Algeria’s Islamic finance plan still faces huge barriers. REUTERS/Ramzi Boudina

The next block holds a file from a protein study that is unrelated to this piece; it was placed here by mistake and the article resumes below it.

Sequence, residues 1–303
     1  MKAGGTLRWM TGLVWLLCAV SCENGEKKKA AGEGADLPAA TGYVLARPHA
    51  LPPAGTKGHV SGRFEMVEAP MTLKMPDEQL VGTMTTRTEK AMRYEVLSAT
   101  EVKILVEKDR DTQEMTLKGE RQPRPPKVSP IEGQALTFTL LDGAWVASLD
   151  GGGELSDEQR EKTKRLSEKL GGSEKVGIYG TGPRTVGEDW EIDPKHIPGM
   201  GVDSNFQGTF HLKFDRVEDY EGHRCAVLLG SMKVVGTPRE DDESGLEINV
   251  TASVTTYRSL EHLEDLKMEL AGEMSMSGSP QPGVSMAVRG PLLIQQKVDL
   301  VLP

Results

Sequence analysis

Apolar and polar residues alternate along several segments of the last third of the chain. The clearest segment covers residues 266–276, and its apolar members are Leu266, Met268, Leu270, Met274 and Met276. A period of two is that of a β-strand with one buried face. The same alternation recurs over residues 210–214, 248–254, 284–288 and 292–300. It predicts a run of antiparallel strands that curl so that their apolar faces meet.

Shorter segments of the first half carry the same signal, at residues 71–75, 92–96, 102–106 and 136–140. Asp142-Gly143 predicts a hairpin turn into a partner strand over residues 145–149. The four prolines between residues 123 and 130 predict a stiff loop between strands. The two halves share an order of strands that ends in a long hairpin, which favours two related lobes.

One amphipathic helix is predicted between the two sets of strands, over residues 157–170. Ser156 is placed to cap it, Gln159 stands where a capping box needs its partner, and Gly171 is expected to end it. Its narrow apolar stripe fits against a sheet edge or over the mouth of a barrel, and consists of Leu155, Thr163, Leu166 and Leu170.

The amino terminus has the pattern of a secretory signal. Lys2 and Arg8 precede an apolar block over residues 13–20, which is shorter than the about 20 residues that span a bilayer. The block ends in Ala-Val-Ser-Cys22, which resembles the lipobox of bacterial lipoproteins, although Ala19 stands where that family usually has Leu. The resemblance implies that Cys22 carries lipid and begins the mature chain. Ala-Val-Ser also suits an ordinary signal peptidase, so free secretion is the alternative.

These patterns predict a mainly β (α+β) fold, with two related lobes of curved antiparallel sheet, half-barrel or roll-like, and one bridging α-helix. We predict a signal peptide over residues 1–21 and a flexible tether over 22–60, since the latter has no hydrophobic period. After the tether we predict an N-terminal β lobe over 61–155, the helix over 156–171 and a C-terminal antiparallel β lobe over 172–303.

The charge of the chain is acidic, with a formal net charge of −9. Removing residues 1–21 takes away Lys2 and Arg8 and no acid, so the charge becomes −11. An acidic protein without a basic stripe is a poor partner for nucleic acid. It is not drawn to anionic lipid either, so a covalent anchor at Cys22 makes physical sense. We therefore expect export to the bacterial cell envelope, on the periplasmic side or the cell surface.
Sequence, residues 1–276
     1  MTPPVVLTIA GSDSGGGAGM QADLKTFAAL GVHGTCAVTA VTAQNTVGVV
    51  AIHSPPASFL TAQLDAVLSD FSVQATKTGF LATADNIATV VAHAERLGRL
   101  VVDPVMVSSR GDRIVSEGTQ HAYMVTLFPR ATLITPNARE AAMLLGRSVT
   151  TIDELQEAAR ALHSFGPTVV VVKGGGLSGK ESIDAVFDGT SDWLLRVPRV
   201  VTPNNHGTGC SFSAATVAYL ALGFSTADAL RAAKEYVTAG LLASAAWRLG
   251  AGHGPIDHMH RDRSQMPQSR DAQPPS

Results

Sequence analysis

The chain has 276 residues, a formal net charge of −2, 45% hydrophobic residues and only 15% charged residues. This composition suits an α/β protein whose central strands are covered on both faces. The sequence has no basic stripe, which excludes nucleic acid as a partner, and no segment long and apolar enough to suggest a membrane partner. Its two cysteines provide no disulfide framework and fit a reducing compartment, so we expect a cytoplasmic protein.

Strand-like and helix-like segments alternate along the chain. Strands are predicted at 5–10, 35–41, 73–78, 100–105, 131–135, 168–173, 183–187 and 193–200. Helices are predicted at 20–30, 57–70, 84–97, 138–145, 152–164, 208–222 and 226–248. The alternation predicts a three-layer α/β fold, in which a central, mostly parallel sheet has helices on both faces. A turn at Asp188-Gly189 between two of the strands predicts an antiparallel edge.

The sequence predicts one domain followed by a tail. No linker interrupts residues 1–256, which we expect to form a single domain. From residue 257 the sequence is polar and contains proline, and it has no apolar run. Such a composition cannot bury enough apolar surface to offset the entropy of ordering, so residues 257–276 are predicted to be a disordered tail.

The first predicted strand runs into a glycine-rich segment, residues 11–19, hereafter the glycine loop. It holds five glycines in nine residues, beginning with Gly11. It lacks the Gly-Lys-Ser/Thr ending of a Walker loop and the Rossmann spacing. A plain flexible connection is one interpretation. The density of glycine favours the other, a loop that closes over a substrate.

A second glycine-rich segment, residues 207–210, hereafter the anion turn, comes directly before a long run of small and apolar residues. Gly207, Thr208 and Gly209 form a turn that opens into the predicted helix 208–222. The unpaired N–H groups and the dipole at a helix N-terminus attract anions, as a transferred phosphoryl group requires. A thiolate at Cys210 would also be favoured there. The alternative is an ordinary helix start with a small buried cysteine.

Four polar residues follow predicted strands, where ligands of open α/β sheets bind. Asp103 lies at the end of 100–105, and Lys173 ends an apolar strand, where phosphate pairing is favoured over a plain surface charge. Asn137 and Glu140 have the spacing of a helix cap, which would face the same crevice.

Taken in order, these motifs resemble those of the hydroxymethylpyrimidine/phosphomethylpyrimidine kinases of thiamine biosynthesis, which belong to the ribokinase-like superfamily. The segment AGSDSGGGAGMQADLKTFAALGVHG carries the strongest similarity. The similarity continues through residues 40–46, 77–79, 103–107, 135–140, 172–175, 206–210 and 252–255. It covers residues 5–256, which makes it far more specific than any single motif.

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When experts in Islamic banking gathered earlier this year at a state-run hotel in Algiers to share their experiences on Shariah-compliant finance, no one from the government showed up. But despite this hesitancy – government officials are reluctant even to refer to Islamic finance by that name – Algeria is edging slowly toward offering banking services to suit more religiously conservative investors. Now six state-run banks plan to start Islamic financial services by the end of the year or in early 2018, and a national Shariah board that would oversee Islamic banking is also planned by the end of 2017, banking and government sources told Reuters.A government source told Reuters three of the banks would launch Islamic products in the summer and a fourth may join them at the end of the year.Al Salam Bank Algeria and Al Baraka Bank Algeria, local units of Bahrain-listed Islamic banks Al Salam Bank and Al Baraka Banking Group, are also already operating in Algeria.
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